The 49ers have certainly stocked up at the safety position lately, selecting one in three straight drafts. Any failure by that unit this coming season would only seem possible because of injuries. Probably more than one.
The cornerback situation is not nearly so secure. In fact, it is likely the least secure group on the team. And the most capable of seriously wounding its weekly attempts to score more points than the other team.
In the past six drafts, not so much as one cornerback has been drafted by the 49ers above the 5th round. Tarell Brown was the 5th round selection in 2007 and he has yet to elevate himself into a starting position. The team has drafted several CBs in the 6th and 7th rounds, and did so again this year. But none of these picks have done much more than play special teams. Our two starters are Shawntae Spencer and Nate Clements, a 7th year vet and a 10th year guy.
This indifferent attitude toward CBs is puzzling. Most of the league places a premium on having good CBs. They zoom off the draft board in the first two rounds of the draft as fast as any position in football. Having a lock-down corner can instantly upgrade a defense, from bad to good, from good to great. We imported Clements in 2007 to lock down one side of the field, and though he has been a solid corner for the most part, the door to his side of the field has not been anywhere near impregnable.
If one were inclined to impart genius to the 49ers cornerback attitude, perhaps their approach is akin to Bobb McKittricks’ efforts with non-highly drafted Olinemen. Perhaps the 49ers believe good safeties are more important than excellent corners and that they prefer to make do with CBs who can play physical at the LOS to disrupt timing patterns and let the safeties make sure the scoreboard doesn’t go bonkers with home runs. These types of CBs also cost a lot less money and are more available than the Darelle Revis types.
After that comedic allusion to genius, we are inclined to resume scratching our heads (I’ve grown an extra one to deal with the awesome responsibilities of this daily column). The charge to the playoffs this year greatly depends on the defense being as good or better than last year. But should Clements or Spencer go down (as Clements did last year and Spencer has for most of his career), the defense will be badly maimed.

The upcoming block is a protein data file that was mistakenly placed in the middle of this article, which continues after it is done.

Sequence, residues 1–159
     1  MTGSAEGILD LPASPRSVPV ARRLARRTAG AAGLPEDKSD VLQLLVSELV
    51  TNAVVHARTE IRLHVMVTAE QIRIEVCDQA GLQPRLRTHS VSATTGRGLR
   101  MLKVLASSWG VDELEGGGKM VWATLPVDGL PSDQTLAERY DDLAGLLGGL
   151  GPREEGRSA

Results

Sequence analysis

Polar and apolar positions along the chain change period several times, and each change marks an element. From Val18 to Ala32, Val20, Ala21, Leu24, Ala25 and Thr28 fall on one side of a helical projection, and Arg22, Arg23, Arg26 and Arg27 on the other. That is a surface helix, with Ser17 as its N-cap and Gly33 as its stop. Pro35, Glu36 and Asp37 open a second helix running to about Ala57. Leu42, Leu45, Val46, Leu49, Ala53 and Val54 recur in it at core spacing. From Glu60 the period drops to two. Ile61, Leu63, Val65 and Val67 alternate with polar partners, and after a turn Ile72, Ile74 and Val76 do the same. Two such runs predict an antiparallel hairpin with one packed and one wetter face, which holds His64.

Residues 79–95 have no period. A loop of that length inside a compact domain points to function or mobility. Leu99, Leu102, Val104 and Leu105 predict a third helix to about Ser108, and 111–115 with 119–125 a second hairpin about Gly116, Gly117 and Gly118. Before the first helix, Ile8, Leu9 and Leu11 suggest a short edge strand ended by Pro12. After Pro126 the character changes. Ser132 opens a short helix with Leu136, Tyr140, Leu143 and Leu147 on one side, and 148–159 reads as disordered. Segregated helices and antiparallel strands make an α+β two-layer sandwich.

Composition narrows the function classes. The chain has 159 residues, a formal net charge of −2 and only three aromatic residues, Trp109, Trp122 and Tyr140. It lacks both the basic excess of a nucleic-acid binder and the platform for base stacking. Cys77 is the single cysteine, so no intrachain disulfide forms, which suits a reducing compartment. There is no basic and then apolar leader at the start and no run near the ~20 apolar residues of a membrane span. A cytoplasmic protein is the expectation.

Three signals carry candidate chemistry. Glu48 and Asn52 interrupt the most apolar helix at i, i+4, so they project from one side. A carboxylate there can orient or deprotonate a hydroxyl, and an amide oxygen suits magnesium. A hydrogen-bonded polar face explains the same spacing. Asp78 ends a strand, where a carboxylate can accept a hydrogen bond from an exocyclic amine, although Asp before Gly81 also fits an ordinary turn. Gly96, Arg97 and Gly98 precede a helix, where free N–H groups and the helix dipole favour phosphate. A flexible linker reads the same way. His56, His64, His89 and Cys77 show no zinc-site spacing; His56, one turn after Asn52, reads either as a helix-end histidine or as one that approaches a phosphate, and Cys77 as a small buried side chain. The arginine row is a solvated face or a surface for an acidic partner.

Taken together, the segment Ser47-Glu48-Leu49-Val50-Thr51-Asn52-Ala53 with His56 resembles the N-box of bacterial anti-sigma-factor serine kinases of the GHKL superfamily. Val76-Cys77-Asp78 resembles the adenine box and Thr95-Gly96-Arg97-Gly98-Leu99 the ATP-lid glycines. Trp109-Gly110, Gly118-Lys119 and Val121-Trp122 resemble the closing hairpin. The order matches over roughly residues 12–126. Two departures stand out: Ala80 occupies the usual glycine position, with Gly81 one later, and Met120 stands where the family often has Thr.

The 49ers defense gives up a lot of yards for a top tier squad. And most of that yardage comes through the air, not on the ground. Its saving grace last year was shut down play in the Red Zone, indicating our CBs were very effective with a short field and no deep responsibilities. So, maybe the focus on the safeties is understandable.The problem this site faces in examining secondary play is a basic one. Only the tail end of the action back there is shown on the TV screen. If I were sitting in the bleacher seats like fans who have actual tickets to the games, secondary play would be clearly visible, from point A to point B.
It would be great if I could rely on some of our bloggers who do go to games, but most of them seem to be either clueless or eternally focused on complaining about the price of tickets vs the worth of the product. It’s not a stretch to suspect that a great many of them are stone cold wasted by half-time, either. A blogger on the PD site last year, by the name of Houston9er, regaled the blog one day after the Texans game, which he had gone to see, with some intense analysis of the Oline play in the first half, but the poor idiot could not describe anything that happened in the 2nd half of the game, failing to notice even the fact that Smith had replaced Hill at QB.
Relying on the beat guys, who have excellent views of the game, to accurately assess secondary play is better than nothing, but then one has to decide whether these fellows are reliable witnesses. After all, their primary focus is on the laptop keyboard, not necessarily the game, as they carry on a Mad Hatter Tweet fest with the online fans, more concerned with identifying who made a tackle than how the tackler ended up being there to perform his grasping.
At any rate, we see once again, even with the CBs, the 49ers lust for physical players. It’s clear Mike Singletary views football as an intense battle for control of the LOS, on both offense and defense, rather than a match up of your derring-do versus ours. In one respect, this attitude allows the team great flexibility with the salary cap, since lunch pail guys cost less than super studs, and the roster can be stocked with lower rated players who have less talent but more muscle and smaller egos.
This philosophy has yet to be proven a winner in this day and age of gaudy offenses and preening stars, though Rex Ryan gave it a hellava go last year. Perhaps we’ll have more of an answer after this coming year.